We at the DC3 have been through a lot together – we’ve seen villains take over our beloved books, we read a month’s worth of “Five Years Later” stories, and we’ve tackled a year of weekly titles, and we’ve come through it all stronger. But here we are, at our most challenging time as a unit: “Convergence.” Calling ourselves the DC3 just wouldn’t cut it anymore. We needed a new name, one that transforms us from boys into men, from civilians into soldiers, from sidekicks into superheroes. For the next two months, the DC3 are no more: long live the Convergents!
Written by Scott Lobdell and Jeff King
Illustrated by Stephen Segovia, Carlo Pagulayan, Eduardo Pansica, and Ethan Van Sciver
Reviewed by Zach Wilkerson
The stakes are high! Worlds will live, worlds will die, and nothing will ever be the same again! Everything teeters on the edge of ruin, with all time and space on the verge of collapse, only to be saved by a group of intrepid heroes…off panel.
That’s “Convergence” #8 in a nutshell; huge stakes, awesome build up, and a story that quite nearly rises to the occasion of adequately celebrating the 30th anniversary of “Crisis on Infinite Earths,” only to squander it all in a deus ex machina that goes over like a fart in the wind.
And yet, in spite of this, “Convergence” manages to have perhaps the most lasting and important impact on the DC universe of any event in the company’s publishing history. Lobdell and King make good on the promise that every story matters, throwing open doors to vast vaults of untapped story potential. While it’s not entirely fair to judge a comic based on its more metatextual/real world implications, the sheer excitement elicited from this issue surely covers many of its sins.
These sins, such as the off panel climax and peculiar pacing, prevent the issue from standing as truly satisfying conclusion to this miniseries. Characters pop in an out of frame as needed to progress the plot to its next point. Booster Gold and Waverider, for instance, glide in basically just to say hello to everyone.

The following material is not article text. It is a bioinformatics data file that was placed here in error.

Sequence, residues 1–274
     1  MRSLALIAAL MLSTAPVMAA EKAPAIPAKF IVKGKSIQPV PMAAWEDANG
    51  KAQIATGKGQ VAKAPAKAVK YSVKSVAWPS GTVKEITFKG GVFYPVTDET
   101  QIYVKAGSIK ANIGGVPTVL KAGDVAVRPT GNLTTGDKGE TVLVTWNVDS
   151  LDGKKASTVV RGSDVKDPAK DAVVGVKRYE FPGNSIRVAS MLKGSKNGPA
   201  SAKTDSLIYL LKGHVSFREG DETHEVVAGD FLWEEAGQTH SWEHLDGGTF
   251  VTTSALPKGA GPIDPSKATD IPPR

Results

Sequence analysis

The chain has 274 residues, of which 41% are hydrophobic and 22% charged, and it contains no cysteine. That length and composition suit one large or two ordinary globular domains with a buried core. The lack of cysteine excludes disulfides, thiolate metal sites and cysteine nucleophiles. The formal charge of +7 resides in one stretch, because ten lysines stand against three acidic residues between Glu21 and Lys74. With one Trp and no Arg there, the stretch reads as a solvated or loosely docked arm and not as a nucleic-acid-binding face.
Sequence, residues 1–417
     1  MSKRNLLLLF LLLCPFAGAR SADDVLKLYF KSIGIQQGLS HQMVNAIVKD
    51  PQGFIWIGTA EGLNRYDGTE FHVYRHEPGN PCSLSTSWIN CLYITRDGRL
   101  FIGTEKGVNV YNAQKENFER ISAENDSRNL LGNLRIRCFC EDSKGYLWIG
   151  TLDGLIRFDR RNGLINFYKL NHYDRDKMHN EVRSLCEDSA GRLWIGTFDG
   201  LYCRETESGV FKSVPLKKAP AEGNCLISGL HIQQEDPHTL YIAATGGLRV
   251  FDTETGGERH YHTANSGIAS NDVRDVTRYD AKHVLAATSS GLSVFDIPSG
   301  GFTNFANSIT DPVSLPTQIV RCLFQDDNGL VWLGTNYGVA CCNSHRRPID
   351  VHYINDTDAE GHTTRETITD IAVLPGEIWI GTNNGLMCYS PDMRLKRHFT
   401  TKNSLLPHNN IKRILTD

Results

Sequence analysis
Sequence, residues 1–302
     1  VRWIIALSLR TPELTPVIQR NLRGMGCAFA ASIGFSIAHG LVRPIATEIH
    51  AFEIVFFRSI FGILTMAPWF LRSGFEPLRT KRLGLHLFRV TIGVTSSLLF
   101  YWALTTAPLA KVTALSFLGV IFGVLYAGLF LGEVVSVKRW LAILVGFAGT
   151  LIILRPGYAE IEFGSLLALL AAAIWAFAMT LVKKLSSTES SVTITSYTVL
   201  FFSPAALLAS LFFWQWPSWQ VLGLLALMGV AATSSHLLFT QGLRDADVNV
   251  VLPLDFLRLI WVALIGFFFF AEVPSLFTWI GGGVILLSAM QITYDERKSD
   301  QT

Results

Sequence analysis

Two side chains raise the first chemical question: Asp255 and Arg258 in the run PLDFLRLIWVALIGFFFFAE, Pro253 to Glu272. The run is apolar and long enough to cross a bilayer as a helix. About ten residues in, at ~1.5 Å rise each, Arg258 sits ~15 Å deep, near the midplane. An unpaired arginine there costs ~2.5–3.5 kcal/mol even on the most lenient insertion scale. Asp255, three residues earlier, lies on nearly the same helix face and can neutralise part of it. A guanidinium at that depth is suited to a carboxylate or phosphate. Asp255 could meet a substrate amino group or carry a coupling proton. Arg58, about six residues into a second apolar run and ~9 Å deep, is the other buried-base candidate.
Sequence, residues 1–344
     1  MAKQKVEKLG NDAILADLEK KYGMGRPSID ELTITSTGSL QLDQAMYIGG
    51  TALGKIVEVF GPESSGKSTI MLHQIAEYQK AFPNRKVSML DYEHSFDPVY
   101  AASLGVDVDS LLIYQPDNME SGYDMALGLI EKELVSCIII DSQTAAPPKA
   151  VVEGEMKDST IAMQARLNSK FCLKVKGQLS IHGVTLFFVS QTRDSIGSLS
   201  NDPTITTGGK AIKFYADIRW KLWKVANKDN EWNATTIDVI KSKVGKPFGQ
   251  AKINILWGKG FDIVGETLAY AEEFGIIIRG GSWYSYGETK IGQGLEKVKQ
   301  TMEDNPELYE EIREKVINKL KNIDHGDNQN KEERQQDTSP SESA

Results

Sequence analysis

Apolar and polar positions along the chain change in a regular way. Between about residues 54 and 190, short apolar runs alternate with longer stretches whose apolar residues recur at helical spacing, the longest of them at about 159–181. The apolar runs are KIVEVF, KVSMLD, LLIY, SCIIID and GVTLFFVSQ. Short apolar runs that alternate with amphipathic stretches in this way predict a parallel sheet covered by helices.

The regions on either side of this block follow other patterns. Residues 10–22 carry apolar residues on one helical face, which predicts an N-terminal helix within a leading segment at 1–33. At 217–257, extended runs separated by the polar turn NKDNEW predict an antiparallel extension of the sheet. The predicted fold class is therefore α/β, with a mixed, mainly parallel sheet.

However, certain characters, such as the pre-Flashpoint Superman and Lois, or the Zero Hour-era Parallax, get some particularly strong moments. “Convergence” sets these characters, along with the pre-Crisis Flash and Supergirl, on a pedestal akin to that of Superman, Superboy Prime, and Alexander Luthor in “Crisis on Infinite Earths.” It’s one of but a few terrific nods and parallels made to that classic tale, lending some much needed emotional depth to the proceedings.
Artistically, the issue is surprisingly sound considering the large number of creators working on the title. Stephen Segovia and Carlo Pagulayan, artists who have done the lion’s share of the work on “Convergence,” continue to deliver solid and at times even remarkable illustrations. Sadly, it’s the contribution of Ethan Van Sciver, a typically top-tier artist, which most apparently disappoints. His back-to-back double page spreads showcasing the climactic rebirth of the multiverse, features some rather horrifying depictions of human anatomy. The artist’s usual level of detail is sorely lacking, even when considering the scope of the images. There’s a noticeable difference in quality between this work and similar pieces in Van Sciver’s career, such as the iconic splash page of “Green Lantern” #25.
“Convergence” faced several unenviable tasks. It was not only the culmination of its own story, but that of a year’s worth of stories from two weekly series, as well as 30 years of DC history. It formed the backbone of a two-month publishing initiate that completely replaced the company’s normal lineup. It’s a story whose concept required it to be everything to everyone. Under that sort of strain, it’s no surprise that the book slipped and stumbled along the way. In spite of its faults, it succeeded in telling a succinct and fairly complete story that managed to subvert expectations in surprising ways.
Final Verdict: 6.5 – A truly mixed bag of an event, but one with truly exciting implications
Written by Justin Gray
Illustrated by Claude St. Aubin
Review by Vince J Ostrowski